Cannabis use disorder is also rising faster in states with legalization laws
By Dennis Thompson
WEDNESDAY, April 26, 2017 (HealthDay News) -- An unintended byproduct of medical marijuana laws could be a sharper increase in illicit pot use, a new U.S. study reports.
Illicit pot use increased significantly more in states that passed medical marijuana laws compared to other states, researchers found in comparing three national surveys conducted between 1991 and 2013.
States with medical marijuana laws also saw an increase in people who can't stop using pot even though it's interfering with many aspects of their lives, researchers said. This is known as cannabis use disorder.
These laws "seem to send a message that use of this drug is safe and acceptable in some way," said lead researcher Deborah Hasin of Columbia University's Mailman School of Public Health.
With this implicit message, more people feel free to use pot as they would alcohol, as a means to relax or to cope with problems like anxiety or depression, said Hasin, a professor of epidemiology.
The proliferation of medical marijuana dispensaries also might promote illicit use, said Rosalie Pacula, director of the RAND Corporation's Bing Center for Health Economics.
Medical marijuana states that restrict the number of dispensaries and tightly regulate the system appear to have different illicit pot use patterns from states like California and Colorado, where the laws amounted to a "de facto legalization system," said Pacula, who wasn't involved with the study.
"It's the commercialization of the medical marijuana industry that has led to spillover into this recreational market," she added.
California passed the first medical cannabis law in 1996. Today, a total of 29 states have approved medical marijuana, and eight states have legalized recreational pot use.
Hasin and her colleagues estimate that medical marijuana laws have led to an additional 1.1 million adults illicitly using pot and 500,000 more adults with a diagnosable cannabis disorder.
The researchers relied on data from more than 118,000 adults gathered in three national surveys stretching fom 1991 to 2013.
In 1991, no Americans lived in states with medical marijuana, but by 2012, more than one-third lived in states that had accepted medical pot.
The studies showed that illicit pot use in states that passed medical marijuana laws tended to lead non-legalization states by 1.4 percentage points on average. Medical pot states also led other states in cannabis use disorders by an average 0.7 percentage points.
The increase in cannabis use disorders could stem from the increasing potency of pot that has occurred under legalization, Hasin said.
These trends could become even more pronounced in states that have fully legalized recreational marijuana, she added.
"It seems like everything we might see with medical marijuana laws would be accentuated in recreational marijuana laws," Hasin said.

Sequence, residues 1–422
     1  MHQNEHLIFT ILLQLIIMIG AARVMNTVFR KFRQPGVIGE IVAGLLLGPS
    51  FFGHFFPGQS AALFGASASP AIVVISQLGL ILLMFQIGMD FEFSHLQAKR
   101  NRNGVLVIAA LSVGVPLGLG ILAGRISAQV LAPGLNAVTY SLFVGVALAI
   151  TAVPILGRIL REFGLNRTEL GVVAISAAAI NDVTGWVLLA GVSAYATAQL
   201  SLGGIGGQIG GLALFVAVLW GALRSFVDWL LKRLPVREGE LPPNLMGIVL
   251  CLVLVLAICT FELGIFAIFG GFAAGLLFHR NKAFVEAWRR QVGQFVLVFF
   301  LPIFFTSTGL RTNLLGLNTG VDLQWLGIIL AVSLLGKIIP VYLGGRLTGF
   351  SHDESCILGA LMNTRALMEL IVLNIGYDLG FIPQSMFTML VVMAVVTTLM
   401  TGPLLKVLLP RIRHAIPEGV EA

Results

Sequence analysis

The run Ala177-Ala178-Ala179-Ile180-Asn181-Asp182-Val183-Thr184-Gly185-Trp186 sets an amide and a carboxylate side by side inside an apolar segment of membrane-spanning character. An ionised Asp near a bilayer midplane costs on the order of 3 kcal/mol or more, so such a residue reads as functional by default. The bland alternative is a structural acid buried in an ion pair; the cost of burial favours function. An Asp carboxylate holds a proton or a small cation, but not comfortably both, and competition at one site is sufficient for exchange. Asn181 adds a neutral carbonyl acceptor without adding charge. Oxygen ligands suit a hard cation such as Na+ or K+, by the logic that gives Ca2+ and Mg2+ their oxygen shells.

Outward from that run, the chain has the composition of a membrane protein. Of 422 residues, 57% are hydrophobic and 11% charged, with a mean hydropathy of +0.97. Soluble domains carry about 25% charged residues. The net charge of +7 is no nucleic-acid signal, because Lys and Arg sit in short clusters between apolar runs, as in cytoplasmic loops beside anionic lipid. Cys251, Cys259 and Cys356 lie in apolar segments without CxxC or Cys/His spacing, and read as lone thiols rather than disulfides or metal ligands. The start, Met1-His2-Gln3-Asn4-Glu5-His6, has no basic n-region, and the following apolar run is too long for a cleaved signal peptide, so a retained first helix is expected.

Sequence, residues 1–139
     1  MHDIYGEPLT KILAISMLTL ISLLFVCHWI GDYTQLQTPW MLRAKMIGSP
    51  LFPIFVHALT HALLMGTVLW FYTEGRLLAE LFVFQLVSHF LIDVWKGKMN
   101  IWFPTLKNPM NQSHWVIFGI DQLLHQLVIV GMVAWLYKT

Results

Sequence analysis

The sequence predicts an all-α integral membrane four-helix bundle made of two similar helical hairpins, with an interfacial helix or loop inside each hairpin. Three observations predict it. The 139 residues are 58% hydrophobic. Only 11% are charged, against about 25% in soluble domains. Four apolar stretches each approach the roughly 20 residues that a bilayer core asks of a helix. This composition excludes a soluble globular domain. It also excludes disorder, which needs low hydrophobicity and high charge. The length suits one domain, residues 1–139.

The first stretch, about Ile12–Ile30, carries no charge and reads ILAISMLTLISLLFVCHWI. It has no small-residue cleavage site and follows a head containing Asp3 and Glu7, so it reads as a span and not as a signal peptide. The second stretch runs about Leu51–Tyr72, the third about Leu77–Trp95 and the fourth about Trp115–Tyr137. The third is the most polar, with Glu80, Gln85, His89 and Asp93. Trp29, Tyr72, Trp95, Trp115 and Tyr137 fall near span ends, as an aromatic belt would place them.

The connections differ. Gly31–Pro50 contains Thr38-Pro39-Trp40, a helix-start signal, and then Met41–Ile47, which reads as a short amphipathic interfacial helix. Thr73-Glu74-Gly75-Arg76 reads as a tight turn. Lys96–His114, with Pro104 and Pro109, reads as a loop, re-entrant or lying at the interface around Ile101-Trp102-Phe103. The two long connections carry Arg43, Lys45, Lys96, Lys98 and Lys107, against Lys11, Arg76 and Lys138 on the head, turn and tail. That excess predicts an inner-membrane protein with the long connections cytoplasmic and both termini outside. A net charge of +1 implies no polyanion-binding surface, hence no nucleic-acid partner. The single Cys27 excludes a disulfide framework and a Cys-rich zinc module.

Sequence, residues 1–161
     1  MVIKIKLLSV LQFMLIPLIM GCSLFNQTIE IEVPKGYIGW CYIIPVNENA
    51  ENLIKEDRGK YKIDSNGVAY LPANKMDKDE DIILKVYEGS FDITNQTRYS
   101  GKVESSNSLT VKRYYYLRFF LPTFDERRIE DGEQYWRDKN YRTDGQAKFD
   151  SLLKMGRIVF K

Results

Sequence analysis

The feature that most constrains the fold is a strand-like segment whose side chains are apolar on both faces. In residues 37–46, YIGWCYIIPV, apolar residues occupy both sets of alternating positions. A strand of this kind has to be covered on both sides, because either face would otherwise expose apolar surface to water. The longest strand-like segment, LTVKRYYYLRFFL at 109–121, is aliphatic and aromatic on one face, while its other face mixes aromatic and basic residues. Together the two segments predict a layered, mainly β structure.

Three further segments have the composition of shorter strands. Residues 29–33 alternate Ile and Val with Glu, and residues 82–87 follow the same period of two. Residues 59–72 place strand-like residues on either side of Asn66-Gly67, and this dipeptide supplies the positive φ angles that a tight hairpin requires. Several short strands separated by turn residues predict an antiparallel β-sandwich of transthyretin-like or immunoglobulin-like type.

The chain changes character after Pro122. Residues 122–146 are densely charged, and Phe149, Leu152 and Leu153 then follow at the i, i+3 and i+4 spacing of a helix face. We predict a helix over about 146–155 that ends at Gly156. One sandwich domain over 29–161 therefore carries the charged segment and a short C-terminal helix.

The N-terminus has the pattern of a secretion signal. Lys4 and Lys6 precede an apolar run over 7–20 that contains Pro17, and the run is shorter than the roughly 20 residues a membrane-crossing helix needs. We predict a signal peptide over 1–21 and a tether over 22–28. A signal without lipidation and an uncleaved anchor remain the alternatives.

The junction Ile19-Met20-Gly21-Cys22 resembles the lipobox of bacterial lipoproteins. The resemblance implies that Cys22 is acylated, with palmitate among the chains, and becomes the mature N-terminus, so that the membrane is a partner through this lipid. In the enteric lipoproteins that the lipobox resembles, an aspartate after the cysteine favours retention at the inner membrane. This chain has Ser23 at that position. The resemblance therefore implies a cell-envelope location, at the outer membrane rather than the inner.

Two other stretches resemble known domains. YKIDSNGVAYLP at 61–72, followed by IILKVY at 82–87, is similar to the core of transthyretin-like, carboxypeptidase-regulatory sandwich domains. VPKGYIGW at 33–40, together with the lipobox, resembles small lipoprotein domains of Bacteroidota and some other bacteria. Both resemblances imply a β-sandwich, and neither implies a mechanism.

But these new findings run counter to other studies that have shown no increase in teen marijuana use after implementation of medical marijuana programs, said Paul Armentano. He is deputy director of NORML, a group advocating reform of marijuana laws.
"America's real-world experience with medical marijuana regulation . . . finds that cannabis can be legally produced and dispensed in a responsible manner that positively affects the lives of patients, but does not inadvertently or adversely impact overall public health or public safety," Armentano said.
Pacula added that people should be cautious in interpreting the new study, because it uses national survey data to evaluate state-level trends. Medical marijuana laws vary from state to state, so applying national data could miss serious geographic differences.
"When you are evaluating the effects of a state law on a sample that is not state-representative, it can be misleading," Pacula said.
For example, the study shows a decrease in marijuana use in California between 1991 and 2002, she noted.
"That right there should tell you something fishy is going on," Pacula said. "I'd like to see this study replicated with state-specific data."
The study was published April 26 in the journal JAMA Psychiatry.
Dr. Wilson Compton, deputy director of the U.S. National Institute on Drug Abuse, agreed that differences in state laws matter, including how many dispensaries are allowed under the law and how tightly they are regulated.
Compton compared these laws to laws that regulate alcohol in the states.
"The density of alcohol outlets is associated with how many problems we see from alcohol," said Compton, who cowrote an editorial accompanying the study.
For more on state medical marijuana laws, visit the U.S. National Conference of State Legislatures.
SOURCES: Deborah Hasin, Ph.D, professor, epidemiology, Columbia University Mailman School of Public Health, New York City; Rosalie Pacula, Ph.D., director, RAND Corporation's Bing Center for Health Economics; Paul Armentano, deputy director, NORML; Wilson Compton, M.D., deputy director, U.S. National Institute on Drug Abuse; April 26, 2017, JAMA Psychiatry
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